You count yourself as a progressive dealer, a champion of trends, with an eye on streamlining your process and creating a customer-first experience. You know things have changed, and you’re intent on selling cars the way customers want to be sold. You go to conferences, learn from the best and listen to experts and then go back to your store to apply the best practices you learned.

“Digital retailing,” the latest buzz phrase bombarding dealers, is being touted as the next obvious step to bring your dealership’s processes more in line with consumer expectations. You get it, and feel like you’re ready to roll – but what does it all mean? And how can you best implement digital retailing technologies in your sales and finance process – online and in-store?

Is your team really open to evolving the sales and finance process? Or are they more comfortable with the status quo because they know they can make their numbers the traditional way and trying something new might hurt both their – and your – bottom line?

That’s something interesting to think about.

We recently took the pulse of dealers to see how they perceive digital retailing and what the future might hold. The results were intriguing. First, we were surprised at the apparent disconnect between a desire to adopt digital retailing and the actual implementation. While more than eight out of 10 dealers surveyed described themselves as progressive and willing to adopt more digital retailing tools, a majority said that over 50 percent of their process remains manual and paper-based.

Survey results indicated a significant gap between intent and practice. That’s not entirely surprising given how nuanced every dealership’s sales process can be, as well as the varied access to digital retailing products. The findings paint a clear picture: Dealer managers are increasingly ready to embrace digital retailing, but the availability of real-world solutions, among most dealerships surveyed, lags behind that desire.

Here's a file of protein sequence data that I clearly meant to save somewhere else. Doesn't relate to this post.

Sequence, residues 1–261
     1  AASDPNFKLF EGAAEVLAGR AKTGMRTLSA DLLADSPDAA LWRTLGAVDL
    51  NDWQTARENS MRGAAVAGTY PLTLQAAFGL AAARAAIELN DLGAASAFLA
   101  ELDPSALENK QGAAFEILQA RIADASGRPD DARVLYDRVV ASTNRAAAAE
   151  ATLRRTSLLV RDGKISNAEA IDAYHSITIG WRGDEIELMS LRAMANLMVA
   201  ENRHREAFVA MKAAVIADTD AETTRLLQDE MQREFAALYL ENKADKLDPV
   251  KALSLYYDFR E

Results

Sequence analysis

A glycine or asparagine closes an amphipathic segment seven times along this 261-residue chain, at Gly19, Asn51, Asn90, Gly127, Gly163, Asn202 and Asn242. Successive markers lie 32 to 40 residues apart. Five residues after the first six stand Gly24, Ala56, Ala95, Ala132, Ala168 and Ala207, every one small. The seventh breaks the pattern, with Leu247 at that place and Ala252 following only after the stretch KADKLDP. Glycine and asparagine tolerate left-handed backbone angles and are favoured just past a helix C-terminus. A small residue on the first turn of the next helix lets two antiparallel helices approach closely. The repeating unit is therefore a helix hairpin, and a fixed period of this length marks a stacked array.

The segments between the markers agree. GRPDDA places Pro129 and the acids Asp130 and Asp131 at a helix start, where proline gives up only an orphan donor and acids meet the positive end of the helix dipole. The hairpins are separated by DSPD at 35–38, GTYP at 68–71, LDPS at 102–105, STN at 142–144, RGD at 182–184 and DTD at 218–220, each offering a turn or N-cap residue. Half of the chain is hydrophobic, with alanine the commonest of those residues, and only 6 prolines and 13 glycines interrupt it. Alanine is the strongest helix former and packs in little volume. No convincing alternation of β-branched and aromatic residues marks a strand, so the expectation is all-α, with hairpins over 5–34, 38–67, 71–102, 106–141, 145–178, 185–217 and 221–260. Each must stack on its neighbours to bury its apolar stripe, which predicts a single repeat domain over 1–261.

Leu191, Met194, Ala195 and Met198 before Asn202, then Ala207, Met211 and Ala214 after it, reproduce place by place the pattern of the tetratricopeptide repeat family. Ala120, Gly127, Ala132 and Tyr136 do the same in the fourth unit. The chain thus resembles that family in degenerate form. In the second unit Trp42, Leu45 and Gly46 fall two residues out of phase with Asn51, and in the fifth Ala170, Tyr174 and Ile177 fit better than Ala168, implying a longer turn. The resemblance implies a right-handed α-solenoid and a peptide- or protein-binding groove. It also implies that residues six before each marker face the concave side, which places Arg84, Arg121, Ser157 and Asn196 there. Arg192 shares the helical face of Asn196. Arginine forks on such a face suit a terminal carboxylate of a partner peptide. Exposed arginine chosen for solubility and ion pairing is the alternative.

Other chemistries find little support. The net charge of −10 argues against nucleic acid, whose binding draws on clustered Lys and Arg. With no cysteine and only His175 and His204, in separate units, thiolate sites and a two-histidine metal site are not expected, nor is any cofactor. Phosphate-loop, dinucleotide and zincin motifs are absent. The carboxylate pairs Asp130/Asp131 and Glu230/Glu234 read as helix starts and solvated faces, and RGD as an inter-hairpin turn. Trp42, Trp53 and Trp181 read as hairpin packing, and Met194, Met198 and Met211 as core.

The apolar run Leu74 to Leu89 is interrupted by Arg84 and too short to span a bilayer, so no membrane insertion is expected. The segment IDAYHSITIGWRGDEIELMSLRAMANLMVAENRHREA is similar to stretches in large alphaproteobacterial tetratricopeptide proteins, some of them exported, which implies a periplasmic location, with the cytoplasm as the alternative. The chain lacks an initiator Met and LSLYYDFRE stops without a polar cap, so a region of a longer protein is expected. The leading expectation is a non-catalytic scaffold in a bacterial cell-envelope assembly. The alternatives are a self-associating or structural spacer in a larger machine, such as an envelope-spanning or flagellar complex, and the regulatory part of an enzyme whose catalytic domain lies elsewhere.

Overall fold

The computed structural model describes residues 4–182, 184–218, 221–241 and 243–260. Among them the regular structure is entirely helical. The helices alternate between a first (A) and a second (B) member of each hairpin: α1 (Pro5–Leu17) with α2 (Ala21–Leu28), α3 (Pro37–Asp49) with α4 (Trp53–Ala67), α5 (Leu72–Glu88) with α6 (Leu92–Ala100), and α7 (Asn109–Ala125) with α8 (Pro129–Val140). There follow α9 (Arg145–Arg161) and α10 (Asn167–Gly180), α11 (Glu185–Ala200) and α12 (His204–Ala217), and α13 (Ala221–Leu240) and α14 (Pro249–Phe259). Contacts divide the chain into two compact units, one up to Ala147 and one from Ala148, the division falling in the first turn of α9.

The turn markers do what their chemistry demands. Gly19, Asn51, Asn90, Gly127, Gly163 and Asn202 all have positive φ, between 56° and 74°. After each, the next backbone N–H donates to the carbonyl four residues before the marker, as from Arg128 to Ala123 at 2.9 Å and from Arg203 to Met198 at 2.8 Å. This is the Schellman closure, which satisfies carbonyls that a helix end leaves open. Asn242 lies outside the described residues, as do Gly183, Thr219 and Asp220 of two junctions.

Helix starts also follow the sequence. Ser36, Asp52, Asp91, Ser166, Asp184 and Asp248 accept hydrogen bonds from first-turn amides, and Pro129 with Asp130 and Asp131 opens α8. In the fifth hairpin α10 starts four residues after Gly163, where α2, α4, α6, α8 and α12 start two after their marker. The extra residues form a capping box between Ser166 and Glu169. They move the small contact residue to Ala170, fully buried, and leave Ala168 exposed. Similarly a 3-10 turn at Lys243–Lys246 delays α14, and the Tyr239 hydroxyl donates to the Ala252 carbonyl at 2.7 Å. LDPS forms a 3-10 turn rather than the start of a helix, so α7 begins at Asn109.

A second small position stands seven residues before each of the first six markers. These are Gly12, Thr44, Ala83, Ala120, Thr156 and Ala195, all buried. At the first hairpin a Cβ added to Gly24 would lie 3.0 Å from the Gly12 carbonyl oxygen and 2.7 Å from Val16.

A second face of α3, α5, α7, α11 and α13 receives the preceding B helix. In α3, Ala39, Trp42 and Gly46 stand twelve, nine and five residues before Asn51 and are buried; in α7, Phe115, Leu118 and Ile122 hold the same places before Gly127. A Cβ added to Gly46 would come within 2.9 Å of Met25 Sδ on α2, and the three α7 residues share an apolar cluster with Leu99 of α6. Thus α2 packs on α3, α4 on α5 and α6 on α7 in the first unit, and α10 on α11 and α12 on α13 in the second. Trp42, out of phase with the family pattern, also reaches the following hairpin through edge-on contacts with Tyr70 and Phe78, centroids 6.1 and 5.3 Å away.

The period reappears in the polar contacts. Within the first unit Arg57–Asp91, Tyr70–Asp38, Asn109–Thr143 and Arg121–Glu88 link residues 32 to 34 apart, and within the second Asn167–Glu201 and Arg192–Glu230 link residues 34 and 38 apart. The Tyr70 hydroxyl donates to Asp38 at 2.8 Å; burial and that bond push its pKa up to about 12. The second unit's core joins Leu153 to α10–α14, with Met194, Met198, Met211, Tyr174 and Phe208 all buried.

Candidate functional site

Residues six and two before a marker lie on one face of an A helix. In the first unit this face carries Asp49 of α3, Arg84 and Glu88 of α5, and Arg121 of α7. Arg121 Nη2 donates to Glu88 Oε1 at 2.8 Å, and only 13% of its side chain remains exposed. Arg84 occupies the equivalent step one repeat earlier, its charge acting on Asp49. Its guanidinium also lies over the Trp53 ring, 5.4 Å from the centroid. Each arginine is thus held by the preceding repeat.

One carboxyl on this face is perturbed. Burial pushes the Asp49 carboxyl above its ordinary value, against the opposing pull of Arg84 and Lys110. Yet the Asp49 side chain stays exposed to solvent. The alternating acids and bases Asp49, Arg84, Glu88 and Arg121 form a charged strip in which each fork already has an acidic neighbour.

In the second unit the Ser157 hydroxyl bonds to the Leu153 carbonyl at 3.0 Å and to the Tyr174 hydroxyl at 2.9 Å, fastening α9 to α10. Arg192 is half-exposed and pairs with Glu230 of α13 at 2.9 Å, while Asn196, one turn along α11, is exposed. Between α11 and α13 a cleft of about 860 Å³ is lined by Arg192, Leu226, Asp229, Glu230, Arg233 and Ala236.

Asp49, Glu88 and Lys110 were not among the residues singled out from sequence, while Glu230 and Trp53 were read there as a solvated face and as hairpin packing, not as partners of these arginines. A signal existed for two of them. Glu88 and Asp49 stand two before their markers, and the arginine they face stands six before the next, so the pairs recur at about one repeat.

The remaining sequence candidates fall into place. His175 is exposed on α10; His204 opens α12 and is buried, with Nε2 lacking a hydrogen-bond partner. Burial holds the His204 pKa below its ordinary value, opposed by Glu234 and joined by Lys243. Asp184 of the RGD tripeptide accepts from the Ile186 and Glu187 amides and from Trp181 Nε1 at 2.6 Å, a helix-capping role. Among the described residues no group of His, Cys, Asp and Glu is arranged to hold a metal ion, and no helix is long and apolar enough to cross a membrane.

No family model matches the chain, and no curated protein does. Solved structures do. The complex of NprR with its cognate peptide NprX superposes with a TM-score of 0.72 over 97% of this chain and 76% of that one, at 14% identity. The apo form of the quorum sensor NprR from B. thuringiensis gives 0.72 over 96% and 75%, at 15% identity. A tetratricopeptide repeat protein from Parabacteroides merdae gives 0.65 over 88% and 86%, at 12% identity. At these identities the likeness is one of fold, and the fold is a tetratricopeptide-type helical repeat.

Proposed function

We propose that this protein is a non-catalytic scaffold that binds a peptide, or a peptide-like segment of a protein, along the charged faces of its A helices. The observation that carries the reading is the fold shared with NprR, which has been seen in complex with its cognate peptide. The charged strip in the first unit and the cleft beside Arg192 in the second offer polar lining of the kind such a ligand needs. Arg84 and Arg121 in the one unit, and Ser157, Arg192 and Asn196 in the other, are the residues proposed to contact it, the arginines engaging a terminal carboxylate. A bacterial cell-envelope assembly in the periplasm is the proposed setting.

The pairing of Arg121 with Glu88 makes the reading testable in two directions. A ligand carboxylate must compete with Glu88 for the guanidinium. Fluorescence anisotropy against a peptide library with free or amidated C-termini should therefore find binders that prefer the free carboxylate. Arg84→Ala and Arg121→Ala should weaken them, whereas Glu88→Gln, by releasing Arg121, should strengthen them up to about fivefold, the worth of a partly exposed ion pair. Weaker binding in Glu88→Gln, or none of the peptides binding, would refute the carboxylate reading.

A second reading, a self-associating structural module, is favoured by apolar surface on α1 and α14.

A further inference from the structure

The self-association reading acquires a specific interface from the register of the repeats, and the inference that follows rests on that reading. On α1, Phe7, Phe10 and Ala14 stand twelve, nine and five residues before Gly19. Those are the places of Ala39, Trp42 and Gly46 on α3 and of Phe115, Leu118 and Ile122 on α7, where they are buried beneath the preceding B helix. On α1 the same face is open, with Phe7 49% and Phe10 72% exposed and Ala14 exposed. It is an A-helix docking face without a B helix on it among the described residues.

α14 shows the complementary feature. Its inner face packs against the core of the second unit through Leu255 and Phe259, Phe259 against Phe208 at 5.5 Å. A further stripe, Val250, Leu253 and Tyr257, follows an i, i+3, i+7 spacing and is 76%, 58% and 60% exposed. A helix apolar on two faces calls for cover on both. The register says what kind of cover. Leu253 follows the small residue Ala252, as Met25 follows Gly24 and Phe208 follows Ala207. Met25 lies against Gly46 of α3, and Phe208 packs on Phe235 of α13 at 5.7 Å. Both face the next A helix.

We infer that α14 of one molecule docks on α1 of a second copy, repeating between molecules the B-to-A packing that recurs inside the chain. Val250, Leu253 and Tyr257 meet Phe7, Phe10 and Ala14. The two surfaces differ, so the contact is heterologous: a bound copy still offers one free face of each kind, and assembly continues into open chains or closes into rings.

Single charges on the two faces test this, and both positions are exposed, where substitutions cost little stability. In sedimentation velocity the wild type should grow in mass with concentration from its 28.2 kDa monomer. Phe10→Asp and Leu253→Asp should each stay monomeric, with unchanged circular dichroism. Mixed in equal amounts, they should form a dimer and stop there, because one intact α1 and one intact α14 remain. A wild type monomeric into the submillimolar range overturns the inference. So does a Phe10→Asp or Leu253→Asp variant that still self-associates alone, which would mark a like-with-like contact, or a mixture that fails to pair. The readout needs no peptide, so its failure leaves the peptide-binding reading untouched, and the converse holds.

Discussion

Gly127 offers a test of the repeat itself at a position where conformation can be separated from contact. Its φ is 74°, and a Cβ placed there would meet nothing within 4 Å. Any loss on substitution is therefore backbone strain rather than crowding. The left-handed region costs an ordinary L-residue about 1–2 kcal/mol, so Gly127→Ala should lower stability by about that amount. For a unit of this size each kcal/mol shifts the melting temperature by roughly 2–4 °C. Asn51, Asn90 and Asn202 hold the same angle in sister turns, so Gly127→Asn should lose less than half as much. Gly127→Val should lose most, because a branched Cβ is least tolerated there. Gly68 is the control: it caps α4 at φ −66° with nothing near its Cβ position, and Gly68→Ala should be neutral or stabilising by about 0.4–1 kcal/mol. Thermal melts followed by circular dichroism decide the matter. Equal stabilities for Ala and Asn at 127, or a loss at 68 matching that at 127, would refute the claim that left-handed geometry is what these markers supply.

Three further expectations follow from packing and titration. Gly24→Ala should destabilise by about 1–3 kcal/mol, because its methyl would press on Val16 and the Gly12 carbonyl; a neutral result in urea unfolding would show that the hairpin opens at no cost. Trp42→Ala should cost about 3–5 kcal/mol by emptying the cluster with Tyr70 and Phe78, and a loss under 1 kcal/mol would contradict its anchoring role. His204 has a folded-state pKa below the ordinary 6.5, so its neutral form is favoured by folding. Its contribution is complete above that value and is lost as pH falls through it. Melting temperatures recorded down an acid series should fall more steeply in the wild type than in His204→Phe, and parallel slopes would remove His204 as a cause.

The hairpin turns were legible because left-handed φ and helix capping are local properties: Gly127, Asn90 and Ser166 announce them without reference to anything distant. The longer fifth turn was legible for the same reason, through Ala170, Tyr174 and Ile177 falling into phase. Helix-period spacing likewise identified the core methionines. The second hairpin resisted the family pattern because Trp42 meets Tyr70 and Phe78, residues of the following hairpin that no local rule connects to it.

What is Digital Retailing, Anyway?

Ninety-three percent of dealers overwhelmingly agreed that their website should operate as a ‘digital’ showroom. However, the majority defined “digital retailing” as simply listing inventory online, versus starting more of the deal online – or even in-store via a mobile app. Still, dealers are ready and willing to take digital retailing to the next level. Sixty percent said that if they could add more tools to make their website more transactional, they would; 84 percent said they plan to adopt more digital retailing tools.

This is great news because one of the key benefits of digital retailing really is enabling a consumer to start and stop the deal – where and when the customer wants it to…and then to seamlessly resume the process in the store. Unsurprisingly, there’s an undercurrent of caution in terms of making wholesale changes to a store’s current processes. Seventy four percent surveyed are taking an incremental approach. This is really based on two key barriers: reluctance to change and the expense/effort associated with integrating new products from multiple providers.

The latter points to a significant industry issue. Technology vendors need to work together, collaborate and commit to delivering the tools dealers require to create a more seamless, end-to-end buying experience that sells more cars faster and, most importantly, improves profitability.